Some of this equipment must still lie in Iraq. When found, it will be cited as clinching proof. Ultimate vindication. Confirmation of the BBC's perfidy. But their discovery will not exonerate the Prime Minister from the central charge against him: that he misled parliament and the people of Britain and took us to war under a false pretext.
To see this one need only compare the language being used by the Prime Minister today with that which he used in the Commons in the weeks leading up to the war. In the crucial debate on March 18, when he faced rebellion by Labour backbenchers, the PM said that Saddam had not accounted for '10,000 litres of anthrax and VX nerve agents, 6500 chemical munitions, at least 80 tons of mustard gas and possibly more than 10 times that amount; and unquantifiable amounts of sarin, botulinium toxin and a host of other biological poisons; and an entire Scud missile programme'.
The PM concluded: 'We are now asked seriously to accept that in the last few years -- contrary to all history, contrary to all intelligence -- Saddam decided unilaterally to destroy those weapons. I say that such a claim is palpably absurd.' Yet that palpable absurdity is precisely what we are expected to swallow now none of these weapons has been found.
As for the 45-minute warning -- that has been pinned on the intelligence service while Number 10 spins like a demented dervish in its efforts to explain the weapons gap. It now tells us that it expects only to find 'WMD programmes and the concrete products of those programmes', rather than real weapons. It insists the true justification of the war was humanitarian, which it wasn't. It is an Orwellian rewriting of history to claim at this late stage that we really went into Iraq to search for war graves.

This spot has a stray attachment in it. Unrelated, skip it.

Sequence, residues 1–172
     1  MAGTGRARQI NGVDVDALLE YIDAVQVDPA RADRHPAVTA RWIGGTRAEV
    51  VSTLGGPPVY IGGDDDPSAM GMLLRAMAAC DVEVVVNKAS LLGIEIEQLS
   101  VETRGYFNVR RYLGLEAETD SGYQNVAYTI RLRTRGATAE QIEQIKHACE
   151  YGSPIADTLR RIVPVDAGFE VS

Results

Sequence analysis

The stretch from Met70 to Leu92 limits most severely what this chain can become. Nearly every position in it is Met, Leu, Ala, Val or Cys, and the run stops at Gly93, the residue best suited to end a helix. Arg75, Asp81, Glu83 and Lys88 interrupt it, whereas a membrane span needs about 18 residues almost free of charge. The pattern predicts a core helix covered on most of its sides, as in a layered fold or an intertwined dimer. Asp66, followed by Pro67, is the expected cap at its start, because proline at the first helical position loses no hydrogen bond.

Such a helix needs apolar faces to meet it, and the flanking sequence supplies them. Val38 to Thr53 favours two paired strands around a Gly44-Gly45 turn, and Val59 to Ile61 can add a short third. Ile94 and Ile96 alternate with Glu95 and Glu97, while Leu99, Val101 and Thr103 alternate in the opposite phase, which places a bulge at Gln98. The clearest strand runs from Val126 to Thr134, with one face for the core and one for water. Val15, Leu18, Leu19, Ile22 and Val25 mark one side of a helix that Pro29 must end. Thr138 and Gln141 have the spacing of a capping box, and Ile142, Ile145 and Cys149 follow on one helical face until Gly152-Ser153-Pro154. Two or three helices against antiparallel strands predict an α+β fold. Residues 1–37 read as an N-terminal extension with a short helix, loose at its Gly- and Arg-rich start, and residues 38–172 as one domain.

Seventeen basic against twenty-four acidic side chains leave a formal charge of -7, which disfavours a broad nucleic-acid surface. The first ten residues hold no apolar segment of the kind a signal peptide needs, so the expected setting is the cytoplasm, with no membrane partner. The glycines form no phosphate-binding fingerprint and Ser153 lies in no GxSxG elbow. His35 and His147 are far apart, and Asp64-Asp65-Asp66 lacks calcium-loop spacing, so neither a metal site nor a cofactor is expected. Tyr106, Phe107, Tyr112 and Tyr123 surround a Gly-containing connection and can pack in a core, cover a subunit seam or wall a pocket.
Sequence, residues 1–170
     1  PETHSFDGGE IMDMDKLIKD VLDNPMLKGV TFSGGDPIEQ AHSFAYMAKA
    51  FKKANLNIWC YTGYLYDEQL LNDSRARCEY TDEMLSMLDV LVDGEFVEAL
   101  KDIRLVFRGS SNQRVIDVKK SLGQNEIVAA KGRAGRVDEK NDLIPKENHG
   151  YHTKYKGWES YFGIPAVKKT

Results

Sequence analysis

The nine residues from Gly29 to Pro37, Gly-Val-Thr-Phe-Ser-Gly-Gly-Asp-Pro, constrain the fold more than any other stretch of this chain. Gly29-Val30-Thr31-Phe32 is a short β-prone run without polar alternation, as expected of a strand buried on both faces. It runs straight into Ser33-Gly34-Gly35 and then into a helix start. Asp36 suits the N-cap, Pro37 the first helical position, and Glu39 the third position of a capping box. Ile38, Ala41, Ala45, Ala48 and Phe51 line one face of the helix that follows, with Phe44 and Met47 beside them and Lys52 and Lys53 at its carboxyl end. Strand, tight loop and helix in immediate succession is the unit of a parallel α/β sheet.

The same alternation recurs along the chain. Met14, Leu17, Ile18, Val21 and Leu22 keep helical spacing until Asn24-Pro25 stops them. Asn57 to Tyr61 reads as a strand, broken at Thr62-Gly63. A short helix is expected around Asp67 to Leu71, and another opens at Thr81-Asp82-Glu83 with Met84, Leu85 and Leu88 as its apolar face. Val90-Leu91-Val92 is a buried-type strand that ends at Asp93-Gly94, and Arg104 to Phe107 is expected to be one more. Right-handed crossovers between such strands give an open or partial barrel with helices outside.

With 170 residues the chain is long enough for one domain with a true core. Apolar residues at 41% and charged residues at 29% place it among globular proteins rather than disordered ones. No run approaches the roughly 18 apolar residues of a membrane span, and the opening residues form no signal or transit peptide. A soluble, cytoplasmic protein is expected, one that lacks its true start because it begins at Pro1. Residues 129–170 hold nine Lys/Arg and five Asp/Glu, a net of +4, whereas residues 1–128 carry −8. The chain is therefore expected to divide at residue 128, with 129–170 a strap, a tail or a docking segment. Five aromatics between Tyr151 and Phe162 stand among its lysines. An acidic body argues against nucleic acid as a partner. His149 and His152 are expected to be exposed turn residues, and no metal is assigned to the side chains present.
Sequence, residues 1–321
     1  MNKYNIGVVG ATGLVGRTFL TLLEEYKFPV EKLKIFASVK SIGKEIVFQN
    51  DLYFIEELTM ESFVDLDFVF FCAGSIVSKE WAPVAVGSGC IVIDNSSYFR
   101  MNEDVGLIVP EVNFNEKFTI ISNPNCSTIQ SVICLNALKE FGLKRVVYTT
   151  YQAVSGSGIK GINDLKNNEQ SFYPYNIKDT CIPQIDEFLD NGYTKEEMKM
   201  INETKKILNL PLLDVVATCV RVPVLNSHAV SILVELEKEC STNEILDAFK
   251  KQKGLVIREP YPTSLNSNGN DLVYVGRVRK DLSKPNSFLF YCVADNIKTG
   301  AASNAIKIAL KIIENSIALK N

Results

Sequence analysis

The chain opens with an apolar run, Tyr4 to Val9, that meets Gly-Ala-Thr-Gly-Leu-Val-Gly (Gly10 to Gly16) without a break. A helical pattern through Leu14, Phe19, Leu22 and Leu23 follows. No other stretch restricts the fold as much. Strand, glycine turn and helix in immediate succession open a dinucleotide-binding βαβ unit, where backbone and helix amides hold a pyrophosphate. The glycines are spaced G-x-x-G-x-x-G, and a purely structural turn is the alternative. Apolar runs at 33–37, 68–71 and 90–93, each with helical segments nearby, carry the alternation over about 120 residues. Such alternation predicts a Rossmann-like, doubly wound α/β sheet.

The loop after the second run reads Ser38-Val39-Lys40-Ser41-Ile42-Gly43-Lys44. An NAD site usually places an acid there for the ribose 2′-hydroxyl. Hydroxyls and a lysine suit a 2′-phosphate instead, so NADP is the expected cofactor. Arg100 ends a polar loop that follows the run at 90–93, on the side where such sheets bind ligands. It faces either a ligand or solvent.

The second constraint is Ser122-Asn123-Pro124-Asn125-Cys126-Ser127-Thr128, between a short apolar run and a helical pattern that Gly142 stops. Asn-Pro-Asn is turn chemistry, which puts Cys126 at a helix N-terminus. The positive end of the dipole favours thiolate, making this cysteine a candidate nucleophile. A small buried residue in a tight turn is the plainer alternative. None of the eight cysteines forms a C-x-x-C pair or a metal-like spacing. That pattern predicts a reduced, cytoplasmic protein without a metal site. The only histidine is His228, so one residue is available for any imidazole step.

This matter could not be more serious. Many innocent people died as a result of this military misadventure as well as tens of thousands of Iraqi soldiers.
The UN was right to resist the rush to war. The case for a full judicial inquiry into how we invaded a sovereign country on the basis of faulty intelligence and in defiance of the international community is surely now unanswerable. We need another Scott Inquiry.
Tony Blair is losing public trust. Such a withdrawal of confidence by the people undermines government and makes any further military engagements almost unthinkable, as the former prime minister and Gulf war leader John Major says. Who will believe this lot again?
After months in denial, Labour MPs and ministers are beginning to realise that this could be as serious for Labour as the exchange rate mechanism debacle in 1992 was for the Tories. The Conservatives' reputation for economic competence never recovered. 'Phoney Tony' is similarly tainted. The only difference, perhaps, is that this time the fault is seen to lie with one man -- the PM -- rather than the government as a whole.
People could see that Blair was leading from the front on the war, and that the Labour Party never wished to follow him. In two of the biggest backbench rebellions in Commons history, Labour MPs showed their collective reluctance to endorse a war which seemed to be driven by a handful of Republican neo-conservatives.
This is why the situation is so dangerous for Blair and why some of his own MPs, like Brian Donohoe, are saying he may have to resign. This remains unthinkable to the Westminster village. But if it comes to a choice between the integrity of the Labour Party and the integrity of Tony Blair, who is to say which way most Labour MPs would jump?